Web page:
Experts shed light ‘down there’
In an educational event aimed at bringing awareness to the vulva, that elusive female part of the body, a movie was screened, two vulva puppets dueled, frank discussions were had and attendees took part in crafting vulvas out of paper.
UH’s Women’s Resource Center hosted “Viva La Vulva” in the Pacific Room of the University Center on Tuesday. The event included free food, crafts, and an insightful discussion after watching the film “Petals: Journey into Self-Discovery.”
Director of UH’s Women’s Resource Center Beverly McPhail and Vice President of Education at Planned Parenthood Meryl Cohen opened the event with the dueling vulva puppets.
During the duel, McPhail and Cohen emphasized how each vulva is different and Cohen gave the audience a “Vulva 101,” in which she pointed out its different parts and how, contrary to popular belief, the vulva is not the vagina.
As a pamphlet from Planned Parenthood read, “The vulva is the whole female genital ‘package’ — labia, clitoris, vagina, and the opening to the urethra. This part of (a woman’s) anatomy gets called lots of funny names — coochie, woo-woo, ‘down there’ — and it’s sometimes confused with the vagina.”
Cohen and McPhail talked about how a lot of women are often afraid that their vulvas are deformed or that they have been stretched out, which can make them embarrassed of their body.
“Petals: Journey into Self-Discovery” opened with a monologue by Nick Karras, a photographer whose work — a collection of photographs of the vulva — is featured in the film. Karras compared the vulva to a flower.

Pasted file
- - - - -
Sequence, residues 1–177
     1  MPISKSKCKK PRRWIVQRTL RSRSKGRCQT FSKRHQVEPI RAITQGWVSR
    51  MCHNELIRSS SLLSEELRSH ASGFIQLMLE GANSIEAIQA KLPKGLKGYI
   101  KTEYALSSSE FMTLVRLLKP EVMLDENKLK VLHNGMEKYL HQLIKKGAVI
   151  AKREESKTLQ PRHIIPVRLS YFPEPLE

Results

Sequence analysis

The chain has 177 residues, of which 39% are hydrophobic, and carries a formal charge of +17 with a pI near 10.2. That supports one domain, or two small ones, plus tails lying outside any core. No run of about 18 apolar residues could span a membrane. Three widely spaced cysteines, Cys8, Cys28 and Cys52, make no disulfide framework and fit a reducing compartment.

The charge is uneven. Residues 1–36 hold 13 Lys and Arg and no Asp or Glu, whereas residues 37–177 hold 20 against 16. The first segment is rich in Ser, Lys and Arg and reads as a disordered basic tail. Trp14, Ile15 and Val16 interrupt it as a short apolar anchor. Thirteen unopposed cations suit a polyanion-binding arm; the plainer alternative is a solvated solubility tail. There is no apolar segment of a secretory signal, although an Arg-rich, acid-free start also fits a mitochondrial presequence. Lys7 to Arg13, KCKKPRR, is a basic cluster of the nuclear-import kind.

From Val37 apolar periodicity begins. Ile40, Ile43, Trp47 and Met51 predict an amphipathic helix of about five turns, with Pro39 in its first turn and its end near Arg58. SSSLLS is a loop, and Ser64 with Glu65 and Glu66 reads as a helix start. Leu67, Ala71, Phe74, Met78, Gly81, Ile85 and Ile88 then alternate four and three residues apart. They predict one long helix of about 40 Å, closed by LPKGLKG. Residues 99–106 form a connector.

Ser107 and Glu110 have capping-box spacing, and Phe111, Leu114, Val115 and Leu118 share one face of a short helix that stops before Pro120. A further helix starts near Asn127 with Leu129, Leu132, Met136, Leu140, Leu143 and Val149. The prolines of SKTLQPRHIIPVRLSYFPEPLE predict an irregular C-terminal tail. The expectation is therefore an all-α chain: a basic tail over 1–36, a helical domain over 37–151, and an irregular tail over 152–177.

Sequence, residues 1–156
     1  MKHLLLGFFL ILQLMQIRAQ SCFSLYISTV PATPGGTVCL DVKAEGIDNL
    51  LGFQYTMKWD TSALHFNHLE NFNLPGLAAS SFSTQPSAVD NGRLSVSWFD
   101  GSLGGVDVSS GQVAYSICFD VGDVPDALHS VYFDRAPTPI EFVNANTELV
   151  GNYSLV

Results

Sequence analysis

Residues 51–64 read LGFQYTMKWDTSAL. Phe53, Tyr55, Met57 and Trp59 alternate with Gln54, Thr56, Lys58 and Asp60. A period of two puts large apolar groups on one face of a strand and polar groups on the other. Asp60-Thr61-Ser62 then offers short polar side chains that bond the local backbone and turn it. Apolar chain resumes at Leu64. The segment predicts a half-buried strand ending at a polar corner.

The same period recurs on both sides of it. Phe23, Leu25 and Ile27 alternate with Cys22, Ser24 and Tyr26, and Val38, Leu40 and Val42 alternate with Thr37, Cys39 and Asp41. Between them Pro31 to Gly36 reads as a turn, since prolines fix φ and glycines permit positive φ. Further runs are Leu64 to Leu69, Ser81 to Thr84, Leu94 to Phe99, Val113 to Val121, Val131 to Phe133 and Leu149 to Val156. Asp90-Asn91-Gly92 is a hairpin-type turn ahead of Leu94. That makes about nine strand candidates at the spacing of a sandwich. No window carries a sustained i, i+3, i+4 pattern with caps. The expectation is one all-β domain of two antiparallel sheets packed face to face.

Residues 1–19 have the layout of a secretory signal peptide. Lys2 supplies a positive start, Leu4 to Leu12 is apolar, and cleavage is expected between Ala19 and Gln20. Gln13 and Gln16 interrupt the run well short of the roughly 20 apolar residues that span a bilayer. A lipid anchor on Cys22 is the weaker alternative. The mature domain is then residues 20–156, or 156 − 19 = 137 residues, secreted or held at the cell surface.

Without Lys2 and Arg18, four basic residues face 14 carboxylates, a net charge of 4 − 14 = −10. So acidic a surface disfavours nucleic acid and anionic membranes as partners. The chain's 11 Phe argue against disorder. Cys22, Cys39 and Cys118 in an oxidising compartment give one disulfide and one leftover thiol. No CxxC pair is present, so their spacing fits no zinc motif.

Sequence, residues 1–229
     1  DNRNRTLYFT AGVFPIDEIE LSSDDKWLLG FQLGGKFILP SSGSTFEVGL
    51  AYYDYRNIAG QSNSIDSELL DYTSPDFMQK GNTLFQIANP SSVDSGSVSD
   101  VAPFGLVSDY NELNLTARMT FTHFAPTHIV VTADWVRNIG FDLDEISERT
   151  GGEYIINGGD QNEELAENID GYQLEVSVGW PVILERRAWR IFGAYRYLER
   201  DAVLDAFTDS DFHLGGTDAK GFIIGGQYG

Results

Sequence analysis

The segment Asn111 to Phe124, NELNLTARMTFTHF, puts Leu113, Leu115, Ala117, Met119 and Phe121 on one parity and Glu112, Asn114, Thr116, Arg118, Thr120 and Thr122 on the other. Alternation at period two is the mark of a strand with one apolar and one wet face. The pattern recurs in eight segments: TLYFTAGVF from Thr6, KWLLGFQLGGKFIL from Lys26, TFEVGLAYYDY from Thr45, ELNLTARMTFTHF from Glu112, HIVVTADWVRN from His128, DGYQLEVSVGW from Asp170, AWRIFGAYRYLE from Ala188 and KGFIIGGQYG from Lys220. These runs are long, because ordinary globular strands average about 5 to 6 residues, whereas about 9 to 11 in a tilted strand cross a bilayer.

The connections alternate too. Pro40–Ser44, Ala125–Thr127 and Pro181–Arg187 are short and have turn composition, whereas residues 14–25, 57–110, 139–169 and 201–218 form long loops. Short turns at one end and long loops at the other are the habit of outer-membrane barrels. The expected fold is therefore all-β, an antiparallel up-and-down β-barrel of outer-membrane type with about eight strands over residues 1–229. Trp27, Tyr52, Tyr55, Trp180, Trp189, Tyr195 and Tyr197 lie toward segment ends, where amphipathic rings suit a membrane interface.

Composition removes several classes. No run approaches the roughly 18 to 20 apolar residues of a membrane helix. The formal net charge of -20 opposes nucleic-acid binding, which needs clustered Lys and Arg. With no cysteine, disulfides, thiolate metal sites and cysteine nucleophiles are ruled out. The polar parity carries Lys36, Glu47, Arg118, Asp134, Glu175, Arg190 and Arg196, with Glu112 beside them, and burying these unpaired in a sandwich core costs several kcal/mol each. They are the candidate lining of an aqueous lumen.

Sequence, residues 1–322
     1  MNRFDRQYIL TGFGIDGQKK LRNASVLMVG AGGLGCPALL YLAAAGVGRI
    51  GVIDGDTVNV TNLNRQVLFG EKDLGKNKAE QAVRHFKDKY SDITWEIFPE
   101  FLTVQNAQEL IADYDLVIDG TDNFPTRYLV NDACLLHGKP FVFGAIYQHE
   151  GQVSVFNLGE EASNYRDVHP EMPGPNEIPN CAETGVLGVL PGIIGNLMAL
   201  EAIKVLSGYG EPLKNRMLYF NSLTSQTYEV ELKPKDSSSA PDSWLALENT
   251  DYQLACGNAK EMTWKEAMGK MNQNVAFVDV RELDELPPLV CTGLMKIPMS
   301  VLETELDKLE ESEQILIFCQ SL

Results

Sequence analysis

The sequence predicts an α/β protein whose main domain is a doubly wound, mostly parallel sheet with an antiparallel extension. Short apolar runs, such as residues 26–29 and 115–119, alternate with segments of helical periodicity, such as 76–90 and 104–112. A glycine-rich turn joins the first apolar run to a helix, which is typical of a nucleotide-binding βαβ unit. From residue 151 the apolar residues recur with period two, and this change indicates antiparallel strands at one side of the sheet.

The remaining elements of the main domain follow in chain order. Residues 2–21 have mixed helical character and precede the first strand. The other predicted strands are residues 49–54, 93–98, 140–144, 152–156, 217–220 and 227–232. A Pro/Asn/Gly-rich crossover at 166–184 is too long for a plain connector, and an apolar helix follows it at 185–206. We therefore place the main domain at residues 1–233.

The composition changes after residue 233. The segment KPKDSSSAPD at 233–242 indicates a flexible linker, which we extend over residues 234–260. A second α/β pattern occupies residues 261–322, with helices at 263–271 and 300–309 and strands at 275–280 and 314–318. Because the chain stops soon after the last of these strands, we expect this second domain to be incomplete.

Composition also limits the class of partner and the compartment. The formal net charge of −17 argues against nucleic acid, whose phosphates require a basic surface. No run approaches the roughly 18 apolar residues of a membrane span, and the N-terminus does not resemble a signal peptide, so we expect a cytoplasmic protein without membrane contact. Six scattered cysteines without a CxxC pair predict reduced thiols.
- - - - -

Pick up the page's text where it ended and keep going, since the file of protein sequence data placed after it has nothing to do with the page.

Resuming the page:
“‘Petals is about the most powerful part of the female anatomy,” Karras said.
His subjects also noted that they began to see a resemblance with their vulvas to a tulip or a lily, and that realization helped them feel more comfortable with themselves.
Karras said he began his project after recognizing that many women are uncomfortable with their bodies and feel a sense of shame in regard to their vulva. He said that he began his collection of photographs to show the beauty in the vulva that is often under-appreciated.
“If there’s a negative self-image about the vulva there’s usually a negative self-image somewhere else,” Karras said.
The video also highlighted negative trends that have become common including labia surgery to tighten the vulva up, emotional problems that women have with their vulva and misinformation like douching being healthy, when in reality it makes things worse.
“The vagina is cleaner than the mouth,” Cohen said.
The main message of “Viva La Vulva” was to show the diversity of the human body and for both women and men to embrace their enigmatic parts.
“That’s one thing that’s so great about sex: You can’t be an expert, (you will) always be learning,” Cohen said.
Cohen underlined the importance of never comparing your body to others and more specifically, to never assume that something is wrong with your vulva because of how it looks.
“Everyone is different and everyone feels things differently,” she said. “No two women are the same.”